Forearms, Wrists, and Hands 

Although they don’t do much of the proverbial — or literal — heavy lifting, the various muscles that run from your elbows to your fingertips bear enormous tension throughout both lifts. 

Your forearms contract isometrically to help secure your hook grip, your wrists flex in the clean and snatch pull phases, and even the tiny tissues in your hand are strained by the grip width of most snatches. 

How to Mix Weightlifting and Arm Training

A good weightlifting routine isn’t made of curls and pressdowns. If you’re building your snatch or clean & jerk, you’ve got a lot on your plate already when it comes to your workouts. Your accessory training needs to be tightly calibrated such that it doesn’t interfere with your main goal — a big total.

Therefore, it’s important to avoid “volume creep.” It’s common for weightlifting workouts to run well over an hour or two, and the last thing you’ll want to do after you finish your eighth set of squats is grind through a full arm workout. 

To build up your guns while still making progress on your sport, arm work can be included in one of two ways — either as part of your warm-up, with exercises that complement your session, or towards the end of your workout, where you’ll ante up the volume a little. 

Below are two sample workouts that highlight how direct arm training can fit into a full weightlifting training plan:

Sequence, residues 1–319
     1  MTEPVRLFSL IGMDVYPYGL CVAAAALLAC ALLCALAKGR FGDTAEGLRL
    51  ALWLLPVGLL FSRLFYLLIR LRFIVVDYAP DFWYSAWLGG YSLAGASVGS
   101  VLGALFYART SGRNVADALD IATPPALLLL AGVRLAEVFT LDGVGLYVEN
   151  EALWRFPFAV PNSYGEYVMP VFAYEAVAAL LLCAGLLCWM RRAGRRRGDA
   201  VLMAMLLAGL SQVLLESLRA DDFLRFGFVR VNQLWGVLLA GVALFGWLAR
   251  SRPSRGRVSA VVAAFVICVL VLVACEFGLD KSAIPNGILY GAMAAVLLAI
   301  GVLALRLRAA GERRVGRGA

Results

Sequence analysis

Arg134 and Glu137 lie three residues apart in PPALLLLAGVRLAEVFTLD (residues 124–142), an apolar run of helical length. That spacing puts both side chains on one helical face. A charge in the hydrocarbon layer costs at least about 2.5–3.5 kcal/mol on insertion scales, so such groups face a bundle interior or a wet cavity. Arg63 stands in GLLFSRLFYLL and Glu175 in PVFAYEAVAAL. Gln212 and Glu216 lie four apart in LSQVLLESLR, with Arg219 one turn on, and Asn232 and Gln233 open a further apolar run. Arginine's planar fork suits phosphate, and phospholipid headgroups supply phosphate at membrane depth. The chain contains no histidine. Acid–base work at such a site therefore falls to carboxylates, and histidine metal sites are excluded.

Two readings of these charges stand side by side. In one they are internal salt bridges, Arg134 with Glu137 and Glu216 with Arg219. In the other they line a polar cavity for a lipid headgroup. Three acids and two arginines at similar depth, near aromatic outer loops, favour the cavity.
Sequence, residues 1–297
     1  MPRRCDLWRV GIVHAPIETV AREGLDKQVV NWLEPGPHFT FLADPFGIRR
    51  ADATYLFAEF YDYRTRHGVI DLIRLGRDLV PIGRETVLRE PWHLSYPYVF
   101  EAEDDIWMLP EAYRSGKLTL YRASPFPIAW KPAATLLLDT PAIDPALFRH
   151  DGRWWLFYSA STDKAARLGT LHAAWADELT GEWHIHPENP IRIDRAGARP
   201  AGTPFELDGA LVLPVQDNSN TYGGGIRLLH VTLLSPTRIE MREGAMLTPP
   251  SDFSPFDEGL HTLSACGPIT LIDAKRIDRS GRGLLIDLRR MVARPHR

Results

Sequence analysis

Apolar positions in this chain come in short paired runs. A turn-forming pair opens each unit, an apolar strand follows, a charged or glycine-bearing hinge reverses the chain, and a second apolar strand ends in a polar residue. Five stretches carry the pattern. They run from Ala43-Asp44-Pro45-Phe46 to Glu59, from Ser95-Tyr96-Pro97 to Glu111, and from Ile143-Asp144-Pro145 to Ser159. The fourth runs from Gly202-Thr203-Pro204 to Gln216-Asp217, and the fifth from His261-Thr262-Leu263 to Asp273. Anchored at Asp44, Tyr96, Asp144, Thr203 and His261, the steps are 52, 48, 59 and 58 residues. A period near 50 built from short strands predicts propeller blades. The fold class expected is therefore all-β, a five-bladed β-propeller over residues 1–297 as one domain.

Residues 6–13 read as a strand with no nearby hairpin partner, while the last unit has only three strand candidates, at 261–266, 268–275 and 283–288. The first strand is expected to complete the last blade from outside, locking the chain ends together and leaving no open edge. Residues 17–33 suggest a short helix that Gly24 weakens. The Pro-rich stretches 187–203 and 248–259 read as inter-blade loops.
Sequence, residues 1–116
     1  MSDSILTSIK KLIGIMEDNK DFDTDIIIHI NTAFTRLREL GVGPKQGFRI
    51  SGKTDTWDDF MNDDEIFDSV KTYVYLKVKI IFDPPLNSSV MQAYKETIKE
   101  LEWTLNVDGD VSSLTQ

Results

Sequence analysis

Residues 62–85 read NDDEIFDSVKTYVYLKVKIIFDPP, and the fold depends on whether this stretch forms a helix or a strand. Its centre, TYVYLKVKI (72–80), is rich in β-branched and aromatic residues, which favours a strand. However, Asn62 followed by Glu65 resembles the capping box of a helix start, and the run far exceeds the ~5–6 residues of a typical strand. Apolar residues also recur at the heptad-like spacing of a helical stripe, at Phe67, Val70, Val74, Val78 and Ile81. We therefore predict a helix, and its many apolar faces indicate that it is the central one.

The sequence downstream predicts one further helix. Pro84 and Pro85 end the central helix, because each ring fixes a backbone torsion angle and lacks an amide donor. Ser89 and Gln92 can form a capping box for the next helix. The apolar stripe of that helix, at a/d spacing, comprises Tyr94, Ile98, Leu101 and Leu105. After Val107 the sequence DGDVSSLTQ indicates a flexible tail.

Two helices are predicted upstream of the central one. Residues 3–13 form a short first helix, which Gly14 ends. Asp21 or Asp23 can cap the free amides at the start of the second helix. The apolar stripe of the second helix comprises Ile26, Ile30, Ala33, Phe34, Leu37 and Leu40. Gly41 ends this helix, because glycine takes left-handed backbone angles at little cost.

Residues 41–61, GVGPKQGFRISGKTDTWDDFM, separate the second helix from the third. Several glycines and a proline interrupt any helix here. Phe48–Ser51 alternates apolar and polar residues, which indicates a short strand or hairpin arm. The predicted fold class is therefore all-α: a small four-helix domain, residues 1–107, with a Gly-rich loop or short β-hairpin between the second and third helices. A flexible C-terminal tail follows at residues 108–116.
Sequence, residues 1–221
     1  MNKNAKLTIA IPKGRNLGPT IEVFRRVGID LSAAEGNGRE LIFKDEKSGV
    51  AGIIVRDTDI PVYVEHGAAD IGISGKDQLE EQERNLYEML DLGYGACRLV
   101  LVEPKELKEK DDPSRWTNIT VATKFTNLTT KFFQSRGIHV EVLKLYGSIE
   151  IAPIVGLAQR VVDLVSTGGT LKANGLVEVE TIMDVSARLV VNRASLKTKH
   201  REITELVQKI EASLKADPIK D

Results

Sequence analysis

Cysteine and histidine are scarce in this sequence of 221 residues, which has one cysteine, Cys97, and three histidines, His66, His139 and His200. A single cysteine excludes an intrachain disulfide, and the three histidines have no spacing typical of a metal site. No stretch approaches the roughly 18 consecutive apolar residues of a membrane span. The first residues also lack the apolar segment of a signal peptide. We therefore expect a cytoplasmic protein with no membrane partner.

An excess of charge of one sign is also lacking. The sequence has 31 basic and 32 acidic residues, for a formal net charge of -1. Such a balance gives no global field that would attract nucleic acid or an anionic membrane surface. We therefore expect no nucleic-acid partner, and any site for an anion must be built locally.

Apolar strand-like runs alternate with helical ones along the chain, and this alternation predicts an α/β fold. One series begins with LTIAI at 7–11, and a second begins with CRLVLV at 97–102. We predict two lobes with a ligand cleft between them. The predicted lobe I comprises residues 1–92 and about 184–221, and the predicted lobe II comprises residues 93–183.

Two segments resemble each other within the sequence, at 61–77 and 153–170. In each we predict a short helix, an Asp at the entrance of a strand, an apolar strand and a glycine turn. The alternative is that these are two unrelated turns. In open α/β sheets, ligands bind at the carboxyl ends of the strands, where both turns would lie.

Sample Workout A 

This workout puts the isolation work in front. The Zottman curls should warm-up your elbows nicely for front squatting later on, without fatiguing you too much. Snatch presses can double as both direct triceps work and a technique primer for the snatch balance. 

Sample Workout B

  • Snatch: 5 x 2
  • Power Clean & Jerk: 3 x 3
  • Snatch Pull: 3 x 3
  • Back Squat: 4 x 4
  • Back Extension: 2 x 15
  • Reverse Curl superset with Diamond Push-Up: 3 x 10 each
  • Rice Digs: 3 x 30 seconds

You can add more arm volume after your sport-specific training is finished, provided you have the energy. Reverse curls pair nicely with diamond push-ups since they can both be performed on the platform, and you can finish up with some rice digs for hand or wrist prehab. 

The Big Picture

Powerful legs and a sculpted back are the hallmarks of any dedicated weightlifter. That doesn’t mean you should neglect your arms altogether, though. There’s nothing wrong with including a bit of vanity work into your routine to keep things fresh and fun.

Plus, a bit of direct arm training can do more than help you look good at the beach. Every barbell you thrust overhead is supported by your arms. Show them some love, and they’ll reward you accordingly on the platform. 

Featured Image: Arsenii Palivoda / Shutterstock